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Why I Sharpened My Focus

Cessna 206 prop hub points to sharp focus

You probably noticed the change. This site sports a new masthead, revised page structure, and most importantly, a sharpened focus. I realized, for a freelance writer’s site, I was trying to be all things to all people. Sounds nice. Doesn’t work out so well in real life.

I write because I believe, as all writers do, I have something to say worth reading. To do that, I have to connect with people. But people aren’t created in general, a nameless mass driven by blind instinct. People are created one at a time as individuals, each unique as snowflakes. And that’s where I have to connect. read more ...

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Bare Hands

Yellow crime scene tape

The police tried to secure the crime scene

Three of us arrived at the crime scene right away. The first response team tried to cordon off the area, but didn’t have enough patrolmen. The looky-loos already pressed the perimeter. Yellow tape wouldn’t hold ‘em for long.

“So what’ve you got, Sergeant?” I asked.

“Well, sir, not sure what to make of it.” He looked around both ways, then down. Pushed his hands into pockets, searching for something. Fidgety. Strange. I’d worked with him before. Always direct. Solid. No messing around, but now different. Maybe scared? “Sergeant?” I repeated. read more ...

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A Unique Substance

City lights seen from mountain

Our lights pollute the night sky, denying us a clear look at the ‘Big Picture’

Get away! Escape! Man-made lights—suburbs, cities, car lots, malls, stadiums, soccer fields and freeways— invade the sky, stealing the ‘Big Picture.’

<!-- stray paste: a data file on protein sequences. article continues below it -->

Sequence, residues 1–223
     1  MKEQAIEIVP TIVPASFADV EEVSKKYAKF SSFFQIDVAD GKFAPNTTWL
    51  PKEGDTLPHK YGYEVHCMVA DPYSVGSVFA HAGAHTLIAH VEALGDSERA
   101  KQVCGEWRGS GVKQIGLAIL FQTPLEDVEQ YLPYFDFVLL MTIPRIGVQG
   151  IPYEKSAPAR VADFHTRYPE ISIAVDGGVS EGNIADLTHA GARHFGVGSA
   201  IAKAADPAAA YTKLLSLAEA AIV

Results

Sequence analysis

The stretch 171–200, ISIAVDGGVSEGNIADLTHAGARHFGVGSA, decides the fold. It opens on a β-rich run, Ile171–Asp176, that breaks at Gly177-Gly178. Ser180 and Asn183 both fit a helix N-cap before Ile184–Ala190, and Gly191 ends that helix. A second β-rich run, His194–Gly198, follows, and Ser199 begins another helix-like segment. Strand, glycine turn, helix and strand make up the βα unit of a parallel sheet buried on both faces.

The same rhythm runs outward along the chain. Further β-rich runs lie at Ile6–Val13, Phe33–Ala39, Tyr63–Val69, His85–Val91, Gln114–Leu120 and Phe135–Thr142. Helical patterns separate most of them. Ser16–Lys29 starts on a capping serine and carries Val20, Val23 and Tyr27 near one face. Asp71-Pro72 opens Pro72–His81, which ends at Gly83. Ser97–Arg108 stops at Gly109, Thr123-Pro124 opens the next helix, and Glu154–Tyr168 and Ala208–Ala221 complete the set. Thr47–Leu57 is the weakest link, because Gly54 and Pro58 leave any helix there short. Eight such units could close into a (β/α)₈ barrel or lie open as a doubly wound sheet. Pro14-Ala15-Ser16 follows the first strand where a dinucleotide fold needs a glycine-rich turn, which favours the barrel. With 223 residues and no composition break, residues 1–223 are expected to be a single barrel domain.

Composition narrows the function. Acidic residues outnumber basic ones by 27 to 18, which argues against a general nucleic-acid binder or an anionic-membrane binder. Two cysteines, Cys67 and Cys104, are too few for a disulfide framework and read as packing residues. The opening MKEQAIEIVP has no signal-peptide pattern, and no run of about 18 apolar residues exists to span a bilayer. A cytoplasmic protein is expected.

Run to the country side. Climb the mountains. Search out a dark field. Look up at night sky.

Imagine two things: first, your feet firmly fastened to Earth. Second, turn it over so ground is up, sky is down. Now hanging from the planet, stop looking at a flat, speckled mat. Instead, peer into the deep vault of heaven. Dive into the sea of stars, each a local neighbor. read more ...

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All The Way In

Neil Armstrong takes man's first step on the Moon

Neil Armstrong takes man’s first step on the Moon

July, early evening in Southern California. The afternoon temperature climbed to the low 80’s in small town Vista. Later, palm leaves rustled in a light breeze while twilight pink and costal clouds approached. But I, along with almost 500 million other people, ignored weather, time, food, and even an upcoming date. A fuzzy black and white image seized our attention.

On 20 July 1969, Neil Armstrong hopped-stepped down a short ladder fastened to the side of the Lunar Module. He hesitated a moment on a wide, round pad then stepped out to become the first human to walk on the Moon. His crew mate, Buzz Aldrin followed minutes later. They spent almost a day there, rendezvoused with Michael Collins who remained in lunar orbit, then returned to Earth. read more ...

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Patterns

airliner engine

Hundreds of rivets connected the gray inlet ring to the white engine cowling in purposeful pattern

I first noticed it riding the airline back to Cleveland. A big turbo-fan engine hung beneath the wing just outside my window. Around its front, a single row of rivets connected the inlet ring to the rest of the engine cowling. Hundreds of of them set in precise formation.Their pattern revealed disciplined purpose, like a single beat keeping time. Other patterns in complex harmonies, reveal themselves only from unique perspectives. Like flying, for example.

Day One

I came to Wooster, Ohio, again. Met Don, again. Met the pert Pacer, again. High winds calmed, as they would again after the next hard blow. I flew the Pacer to Holmes County airport, again. Practiced takeoffs and landings, again. Refueled, again. Don flew back to Wooster, repeating a pattern every airplane owner knows—a first and last flight.  read more ...